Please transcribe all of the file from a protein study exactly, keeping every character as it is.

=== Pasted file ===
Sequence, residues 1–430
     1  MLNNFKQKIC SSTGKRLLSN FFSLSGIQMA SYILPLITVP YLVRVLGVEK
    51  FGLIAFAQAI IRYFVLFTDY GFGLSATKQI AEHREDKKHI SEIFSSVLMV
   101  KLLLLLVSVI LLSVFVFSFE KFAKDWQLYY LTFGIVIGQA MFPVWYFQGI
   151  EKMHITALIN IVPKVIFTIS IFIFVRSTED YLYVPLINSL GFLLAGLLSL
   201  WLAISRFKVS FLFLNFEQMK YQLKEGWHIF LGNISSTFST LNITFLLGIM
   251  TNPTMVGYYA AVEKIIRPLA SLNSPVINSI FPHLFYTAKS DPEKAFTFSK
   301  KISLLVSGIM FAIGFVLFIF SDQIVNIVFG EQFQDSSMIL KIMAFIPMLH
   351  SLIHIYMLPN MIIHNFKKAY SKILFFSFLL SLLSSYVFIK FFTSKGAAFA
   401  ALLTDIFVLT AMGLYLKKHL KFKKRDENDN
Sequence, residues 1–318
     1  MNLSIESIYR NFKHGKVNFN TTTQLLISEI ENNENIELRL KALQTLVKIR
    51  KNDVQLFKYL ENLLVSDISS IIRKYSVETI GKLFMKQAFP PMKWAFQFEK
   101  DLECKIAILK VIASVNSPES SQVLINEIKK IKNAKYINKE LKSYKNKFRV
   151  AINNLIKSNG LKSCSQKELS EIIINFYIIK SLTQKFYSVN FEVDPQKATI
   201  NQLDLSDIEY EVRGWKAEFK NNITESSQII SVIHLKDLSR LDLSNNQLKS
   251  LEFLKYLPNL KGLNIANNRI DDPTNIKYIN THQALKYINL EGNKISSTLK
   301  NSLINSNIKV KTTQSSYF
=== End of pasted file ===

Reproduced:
Sequence, residues 1–430
     1  MLNNFKQKIC SSTGKRLLSN FFSLSGIQMA SYILPLITVP YLVRVLGVEK
    51  FGLIAFAQAI IRYFVLFTDY GFGLSATKQI AEHREDKKHI SEIFSSVLMV
   101  KLLLLLVSVI LLSVFVFSFE KFAKDWQLYY LTFGIVIGQA MFPVWYFQGI
   151  EKMHITALIN IVPKVIFTIS IFIFVRSTED YLYVPLINSL GFLLAGLLSL
   201  WLAISRFKVS FLFLNFEQMK YQLKEGWHIF LGNISSTFST LNITFLLGIM
   251  TNPTMVGYYA AVEKIIRPLA SLNSPVINSI FPHLFYTAKS DPEKAFTFSK
   301  KISLLVSGIM FAIGFVLFIF SDQIVNIVFG EQFQDSSMIL KIMAFIPMLH
   351  SLIHIYMLPN MIIHNFKKAY SKILFFSFLL SLLSSYVFIK FFTSKGAAFA
   401  ALLTDIFVLT AMGLYLKKHL KFKKRDENDN
Sequence, residues 1–318
     1  MNLSIESIYR NFKHGKVNFN TTTQLLISEI ENNENIELRL KALQTLVKIR
    51  KNDVQLFKYL ENLLVSDISS IIRKYSVETI GKLFMKQAFP PMKWAFQFEK
   101  DLECKIAILK VIASVNSPES SQVLINEIKK IKNAKYINKE LKSYKNKFRV
   151  AINNLIKSNG LKSCSQKELS EIIINFYIIK SLTQKFYSVN FEVDPQKATI
   201  NQLDLSDIEY EVRGWKAEFK NNITESSQII SVIHLKDLSR LDLSNNQLKS
   251  LEFLKYLPNL KGLNIANNRI DDPTNIKYIN THQALKYINL EGNKISSTLK
   301  NSLINSNIKV KTTQSSYF